Similar to the test for individual parameters, smaller samples can be accommodated with testModels (with method \(D_1\)) by specifying the complete-data degrees of freedom for the denominator of the \(F\) statistic.

testModels(fit, fit.null, df.com = 46)
# 
# Call:
# 
# testModels(model = fit, null.model = fit.null, df.com = 46)
# 
# Model comparison calculated from 20 imputed data sets.
# Combination method: D1
# 
#     F.value     df1     df2   P(>F)     RIV 
#       6.095       2  39.812   0.005   0.275 
# 
# Hypothesis test adjusted for small samples with df=[46]
# complete-data degrees of freedom.
# Models fitted with REML were used as is.

The pooling method used by testModels is determined by the method argument. For example, to calculate the pooled LRT corresponding to the Wald test above (i.e., \(D_3\)), the following command can be issued.

testModels(fit, fit.null, method="D3")
# 
# Call:
# 
# testModels(model = fit, null.model = fit.null, method = "D3")
# 
# Model comparison calculated from 20 imputed data sets.
# Combination method: D3
# 
#     F.value     df1     df2   P(>F)     RIV 
#       5.787       2 519.143   0.003   0.328 
# 
# Models originally fitted with REML were refitted using ML.

Constraints on parameters

Finally, it is often useful to investigate functions (or constraints) of the parameters in the model of interest. In complete data sets, this can be achieved with a test of linear hypotheses or the delta method. The mitml package implements a pooled version of the delta method in the testConstraints function.

For example, the combined influence of SES on mathematics achievement can also be tested without model comparisons by testing the constraint that the parameters pertaining to I.SES and G.SES are both zero. This constraint is defined and tested as follows.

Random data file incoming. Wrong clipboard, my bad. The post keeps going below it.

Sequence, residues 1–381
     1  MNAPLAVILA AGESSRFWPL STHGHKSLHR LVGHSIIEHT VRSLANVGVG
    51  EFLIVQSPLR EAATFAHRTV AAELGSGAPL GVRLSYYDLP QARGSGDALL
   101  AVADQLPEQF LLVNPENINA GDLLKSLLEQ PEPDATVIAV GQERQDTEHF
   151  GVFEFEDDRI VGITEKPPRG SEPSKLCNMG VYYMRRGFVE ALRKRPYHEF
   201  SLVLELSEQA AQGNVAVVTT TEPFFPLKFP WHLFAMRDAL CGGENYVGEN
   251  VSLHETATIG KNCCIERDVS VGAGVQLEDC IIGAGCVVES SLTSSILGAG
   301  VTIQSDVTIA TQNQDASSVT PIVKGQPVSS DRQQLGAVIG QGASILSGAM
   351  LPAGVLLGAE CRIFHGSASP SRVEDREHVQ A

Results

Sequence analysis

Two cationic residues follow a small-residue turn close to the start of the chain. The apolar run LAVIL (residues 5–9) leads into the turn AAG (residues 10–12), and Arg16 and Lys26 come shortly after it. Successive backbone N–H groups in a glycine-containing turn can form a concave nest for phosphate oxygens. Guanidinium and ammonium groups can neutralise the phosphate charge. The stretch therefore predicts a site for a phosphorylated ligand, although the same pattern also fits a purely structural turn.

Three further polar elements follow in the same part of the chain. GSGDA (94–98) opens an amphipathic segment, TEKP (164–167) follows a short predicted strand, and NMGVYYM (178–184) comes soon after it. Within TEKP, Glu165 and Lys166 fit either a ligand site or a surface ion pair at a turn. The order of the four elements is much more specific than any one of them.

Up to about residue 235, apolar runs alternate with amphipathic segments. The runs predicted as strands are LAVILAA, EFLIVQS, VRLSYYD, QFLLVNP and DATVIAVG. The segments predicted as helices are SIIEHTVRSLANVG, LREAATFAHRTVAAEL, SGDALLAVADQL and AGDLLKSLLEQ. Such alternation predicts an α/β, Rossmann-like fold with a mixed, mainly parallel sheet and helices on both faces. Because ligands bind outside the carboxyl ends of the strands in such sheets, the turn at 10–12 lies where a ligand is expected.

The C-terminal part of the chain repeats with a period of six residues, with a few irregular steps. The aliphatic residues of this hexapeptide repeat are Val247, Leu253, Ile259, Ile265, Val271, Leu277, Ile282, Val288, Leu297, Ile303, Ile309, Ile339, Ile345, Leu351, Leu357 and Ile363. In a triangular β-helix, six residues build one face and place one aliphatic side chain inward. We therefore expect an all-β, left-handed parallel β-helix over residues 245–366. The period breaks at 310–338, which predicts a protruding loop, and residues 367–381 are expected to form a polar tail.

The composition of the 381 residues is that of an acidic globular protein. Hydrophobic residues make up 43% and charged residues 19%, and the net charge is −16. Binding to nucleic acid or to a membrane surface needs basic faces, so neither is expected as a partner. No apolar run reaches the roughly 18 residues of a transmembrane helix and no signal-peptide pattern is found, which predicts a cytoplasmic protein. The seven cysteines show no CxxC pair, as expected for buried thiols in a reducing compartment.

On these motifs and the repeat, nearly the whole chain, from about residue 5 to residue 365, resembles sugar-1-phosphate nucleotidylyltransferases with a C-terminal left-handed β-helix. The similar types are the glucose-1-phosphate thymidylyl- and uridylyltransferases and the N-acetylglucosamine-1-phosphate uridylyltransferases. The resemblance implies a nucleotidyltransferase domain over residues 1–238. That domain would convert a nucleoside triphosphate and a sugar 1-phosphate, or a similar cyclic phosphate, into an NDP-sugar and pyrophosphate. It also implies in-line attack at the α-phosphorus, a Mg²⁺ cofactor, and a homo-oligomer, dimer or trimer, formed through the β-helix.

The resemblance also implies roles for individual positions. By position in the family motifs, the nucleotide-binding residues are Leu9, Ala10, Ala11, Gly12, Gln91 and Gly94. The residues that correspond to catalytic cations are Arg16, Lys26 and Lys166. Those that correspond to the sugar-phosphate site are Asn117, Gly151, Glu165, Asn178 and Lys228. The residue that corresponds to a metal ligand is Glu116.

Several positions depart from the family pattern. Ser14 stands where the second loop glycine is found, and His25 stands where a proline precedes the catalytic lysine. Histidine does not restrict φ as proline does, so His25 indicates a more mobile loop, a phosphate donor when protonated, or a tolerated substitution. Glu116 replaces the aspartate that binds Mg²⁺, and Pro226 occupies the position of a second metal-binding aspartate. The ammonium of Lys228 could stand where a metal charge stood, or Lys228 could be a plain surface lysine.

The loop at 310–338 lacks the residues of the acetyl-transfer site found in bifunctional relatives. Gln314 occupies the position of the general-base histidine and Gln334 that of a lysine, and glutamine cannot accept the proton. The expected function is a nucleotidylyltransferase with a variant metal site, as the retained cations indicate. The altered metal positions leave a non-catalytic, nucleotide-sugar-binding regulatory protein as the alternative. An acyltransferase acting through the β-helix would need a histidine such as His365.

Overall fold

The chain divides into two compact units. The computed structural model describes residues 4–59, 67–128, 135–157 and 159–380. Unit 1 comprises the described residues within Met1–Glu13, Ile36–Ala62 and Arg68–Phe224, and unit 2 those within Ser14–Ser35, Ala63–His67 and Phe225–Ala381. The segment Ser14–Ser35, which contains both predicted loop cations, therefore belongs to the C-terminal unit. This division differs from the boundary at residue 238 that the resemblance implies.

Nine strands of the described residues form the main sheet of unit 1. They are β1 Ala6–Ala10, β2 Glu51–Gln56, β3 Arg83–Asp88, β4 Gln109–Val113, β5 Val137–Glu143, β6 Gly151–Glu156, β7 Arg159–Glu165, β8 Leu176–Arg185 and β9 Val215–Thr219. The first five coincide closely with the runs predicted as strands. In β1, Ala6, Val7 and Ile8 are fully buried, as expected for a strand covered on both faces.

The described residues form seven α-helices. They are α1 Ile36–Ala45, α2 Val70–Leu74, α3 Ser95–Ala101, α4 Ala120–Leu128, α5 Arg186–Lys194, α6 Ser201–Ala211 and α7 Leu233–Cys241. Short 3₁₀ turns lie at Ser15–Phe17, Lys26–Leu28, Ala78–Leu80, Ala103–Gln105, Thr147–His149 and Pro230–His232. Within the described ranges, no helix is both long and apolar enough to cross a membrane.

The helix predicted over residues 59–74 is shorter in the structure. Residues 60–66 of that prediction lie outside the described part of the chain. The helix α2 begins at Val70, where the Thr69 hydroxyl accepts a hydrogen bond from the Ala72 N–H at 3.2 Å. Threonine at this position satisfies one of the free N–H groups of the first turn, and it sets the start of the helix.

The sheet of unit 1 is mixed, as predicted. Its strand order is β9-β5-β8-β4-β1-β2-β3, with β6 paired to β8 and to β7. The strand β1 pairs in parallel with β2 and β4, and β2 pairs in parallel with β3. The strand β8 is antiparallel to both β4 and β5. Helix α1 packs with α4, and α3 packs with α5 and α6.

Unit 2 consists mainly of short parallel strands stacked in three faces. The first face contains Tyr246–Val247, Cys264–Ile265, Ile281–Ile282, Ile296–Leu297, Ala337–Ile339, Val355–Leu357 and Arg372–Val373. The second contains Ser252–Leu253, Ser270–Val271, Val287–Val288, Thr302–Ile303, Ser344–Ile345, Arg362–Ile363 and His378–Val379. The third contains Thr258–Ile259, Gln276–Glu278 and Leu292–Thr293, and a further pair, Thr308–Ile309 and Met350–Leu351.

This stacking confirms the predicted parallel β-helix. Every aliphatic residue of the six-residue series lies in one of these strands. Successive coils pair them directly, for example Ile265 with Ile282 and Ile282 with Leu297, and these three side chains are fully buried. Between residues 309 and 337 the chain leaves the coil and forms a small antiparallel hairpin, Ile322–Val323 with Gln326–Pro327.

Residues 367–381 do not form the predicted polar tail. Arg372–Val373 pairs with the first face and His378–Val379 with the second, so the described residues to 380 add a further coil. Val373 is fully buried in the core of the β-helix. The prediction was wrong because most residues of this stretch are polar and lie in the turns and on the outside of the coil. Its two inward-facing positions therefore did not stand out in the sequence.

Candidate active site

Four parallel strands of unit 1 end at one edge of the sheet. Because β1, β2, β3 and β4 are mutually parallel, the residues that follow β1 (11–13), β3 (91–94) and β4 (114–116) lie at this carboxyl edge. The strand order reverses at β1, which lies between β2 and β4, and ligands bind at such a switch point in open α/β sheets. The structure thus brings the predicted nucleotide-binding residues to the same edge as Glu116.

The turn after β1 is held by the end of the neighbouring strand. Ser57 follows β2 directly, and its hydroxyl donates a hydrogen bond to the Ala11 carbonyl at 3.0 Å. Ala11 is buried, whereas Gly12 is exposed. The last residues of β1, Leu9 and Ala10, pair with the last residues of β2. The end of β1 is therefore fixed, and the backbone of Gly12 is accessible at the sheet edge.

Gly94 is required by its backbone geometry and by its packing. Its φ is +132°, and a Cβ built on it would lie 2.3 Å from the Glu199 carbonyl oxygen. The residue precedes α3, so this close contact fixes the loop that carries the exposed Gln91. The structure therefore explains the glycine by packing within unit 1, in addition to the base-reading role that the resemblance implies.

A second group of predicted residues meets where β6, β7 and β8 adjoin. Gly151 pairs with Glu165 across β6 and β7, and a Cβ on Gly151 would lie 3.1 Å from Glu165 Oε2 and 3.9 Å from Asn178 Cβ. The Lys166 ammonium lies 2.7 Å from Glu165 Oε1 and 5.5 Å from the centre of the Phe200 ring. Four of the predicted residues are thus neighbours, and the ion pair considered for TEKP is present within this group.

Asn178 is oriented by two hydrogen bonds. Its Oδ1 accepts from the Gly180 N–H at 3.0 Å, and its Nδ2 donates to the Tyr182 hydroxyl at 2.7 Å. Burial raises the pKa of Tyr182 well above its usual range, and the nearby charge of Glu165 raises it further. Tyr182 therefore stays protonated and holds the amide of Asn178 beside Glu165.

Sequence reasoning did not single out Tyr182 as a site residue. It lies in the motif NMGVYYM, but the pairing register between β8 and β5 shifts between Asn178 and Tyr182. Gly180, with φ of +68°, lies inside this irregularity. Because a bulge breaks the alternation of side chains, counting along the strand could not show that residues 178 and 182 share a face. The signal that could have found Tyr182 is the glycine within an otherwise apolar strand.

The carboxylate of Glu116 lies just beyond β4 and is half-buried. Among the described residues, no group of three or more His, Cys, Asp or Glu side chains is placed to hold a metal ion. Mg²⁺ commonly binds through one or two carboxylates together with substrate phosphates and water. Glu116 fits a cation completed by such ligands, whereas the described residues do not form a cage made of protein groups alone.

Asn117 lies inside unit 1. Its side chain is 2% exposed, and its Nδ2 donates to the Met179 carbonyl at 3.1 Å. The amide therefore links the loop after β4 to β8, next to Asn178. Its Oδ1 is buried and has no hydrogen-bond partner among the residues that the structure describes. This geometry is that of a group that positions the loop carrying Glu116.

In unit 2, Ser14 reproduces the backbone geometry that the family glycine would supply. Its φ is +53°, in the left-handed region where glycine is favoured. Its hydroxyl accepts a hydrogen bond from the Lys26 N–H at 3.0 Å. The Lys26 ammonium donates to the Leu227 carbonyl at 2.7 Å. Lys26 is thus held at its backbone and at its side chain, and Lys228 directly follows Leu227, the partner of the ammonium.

c1 <- c("I.SES", "G.SES")
testConstraints(fit, constraints = c1)
# 
# Call:
# 
# testConstraints(model = fit, constraints = c1)
# 
# Hypothesis test calculated from 20 imputed data sets. The following
# constraints were specified:
# 
#             Estimate Std. Error 
#    I.SES:      0.692      0.245 
#    G.SES:      1.296      0.628 
# 
# Combination method: D1 
# 
#     F.value     df1     df2   P(>F)     RIV 
#       6.095       2 674.475   0.002   0.275 
# 
# Unadjusted hypothesis test as appropriate in larger samples.

This test is identical to the Wald test given in the previous section. Arbitrary constraints on the parameters can be specified and tested in this manner, where each character string denotes an expression to be tested against zero.

In the present example, we are also interested in the contextual effect of SES on mathematics achievement (e.g., Snijders & Bosker, 2012). The contextual effect is simply the difference between the coefficients pertaining to G.SES and I.SES and can be tested as follows.

c2 <- c("G.SES - I.SES")
testConstraints(fit, constraints = c2)
# 
# Call:
# 
# testConstraints(model = fit, constraints = c2)
# 
# Hypothesis test calculated from 20 imputed data sets. The following
# constraints were specified:
# 
#                     Estimate Std. Error 
#    G.SES - I.SES:      0.605      0.644 
# 
# Combination method: D1 
# 
#     F.value     df1     df2   P(>F)     RIV 
#       0.881       1 616.380   0.348   0.166 
# 
# Unadjusted hypothesis test as appropriate in larger samples.

Similar to model comparisons, constraints can be tested with different methods (\(D_1\) and \(D_2\)) and can accommodate smaller samples by a value for df.com. Further examples for the analysis of multiply imputed data sets with mitml are given by Enders (2016) and Grund, Lüdtke, and Robitzsch (2016a).

References

Enders, C. K. (2016). Multiple imputation as a flexible tool for missing data handling in clinical research. Behaviour Research and Therapy. doi: 10.1016/j.brat.2016.11.008 (Link)

Grund, S., Lüdtke, O., & Robitzsch, A. (2016a). Multiple imputation of multilevel missing data: An introduction to the R package pan. SAGE Open, 6(4), 1–17. doi: 10.1177/2158244016668220 (Link)

Grund, S., Lüdtke, O., & Robitzsch, A. (2016b). Pooling ANOVA results from multiply imputed datasets: A simulation study. Methodology, 12, 75–88. doi: 10.1027/1614-2241/a000111 (Link)

Rubin, D. B. (1987). Multiple imputation for nonresponse in surveys. Hoboken, NJ: Wiley.

Snijders, T. A. B., & Bosker, R. J. (2012). Multilevel analysis: An introduction to basic and advanced multilevel modeling. Thousand Oaks, CA: Sage.


# Author: Simon Grund ([email protected])
# Date:   2021-09-10